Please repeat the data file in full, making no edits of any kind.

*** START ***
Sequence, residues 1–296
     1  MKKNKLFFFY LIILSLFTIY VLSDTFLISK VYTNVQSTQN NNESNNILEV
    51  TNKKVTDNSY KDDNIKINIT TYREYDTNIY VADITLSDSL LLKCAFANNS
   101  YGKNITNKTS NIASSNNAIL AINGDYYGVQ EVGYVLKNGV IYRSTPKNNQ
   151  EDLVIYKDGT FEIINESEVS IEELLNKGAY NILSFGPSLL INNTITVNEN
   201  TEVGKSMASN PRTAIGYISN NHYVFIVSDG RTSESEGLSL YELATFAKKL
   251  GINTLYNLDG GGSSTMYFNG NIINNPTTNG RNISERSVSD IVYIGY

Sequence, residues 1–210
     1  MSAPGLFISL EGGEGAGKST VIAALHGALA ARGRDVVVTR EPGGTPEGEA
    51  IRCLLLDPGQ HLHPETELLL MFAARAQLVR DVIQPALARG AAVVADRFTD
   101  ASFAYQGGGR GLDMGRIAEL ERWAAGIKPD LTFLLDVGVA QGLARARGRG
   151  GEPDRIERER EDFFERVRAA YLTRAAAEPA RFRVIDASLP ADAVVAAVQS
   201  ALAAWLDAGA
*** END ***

Sequence, residues 1–296
     1  MKKNKLFFFY LIILSLFTIY VLSDTFLISK VYTNVQSTQN NNESNNILEV
    51  TNKKVTDNSY KDDNIKINIT TYREYDTNIY VADITLSDSL LLKCAFANNS
   101  YGKNITNKTS NIASSNNAIL AINGDYYGVQ EVGYVLKNGV IYRSTPKNNQ
   151  EDLVIYKDGT FEIINESEVS IEELLNKGAY NILSFGPSLL INNTITVNEN
   201  TEVGKSMASN PRTAIGYISN NHYVFIVSDG RTSESEGLSL YELATFAKKL
   251  GINTLYNLDG GGSSTMYFNG NIINNPTTNG RNISERSVSD IVYIGY

Sequence, residues 1–210
     1  MSAPGLFISL EGGEGAGKST VIAALHGALA ARGRDVVVTR EPGGTPEGEA
    51  IRCLLLDPGQ HLHPETELLL MFAARAQLVR DVIQPALARG AAVVADRFTD
   101  ASFAYQGGGR GLDMGRIAEL ERWAAGIKPD LTFLLDVGVA QGLARARGRG
   151  GEPDRIERER EDFFERVRAA YLTRAAAEPA RFRVIDASLP ADAVVAAVQS
   201  ALAAWLDAGA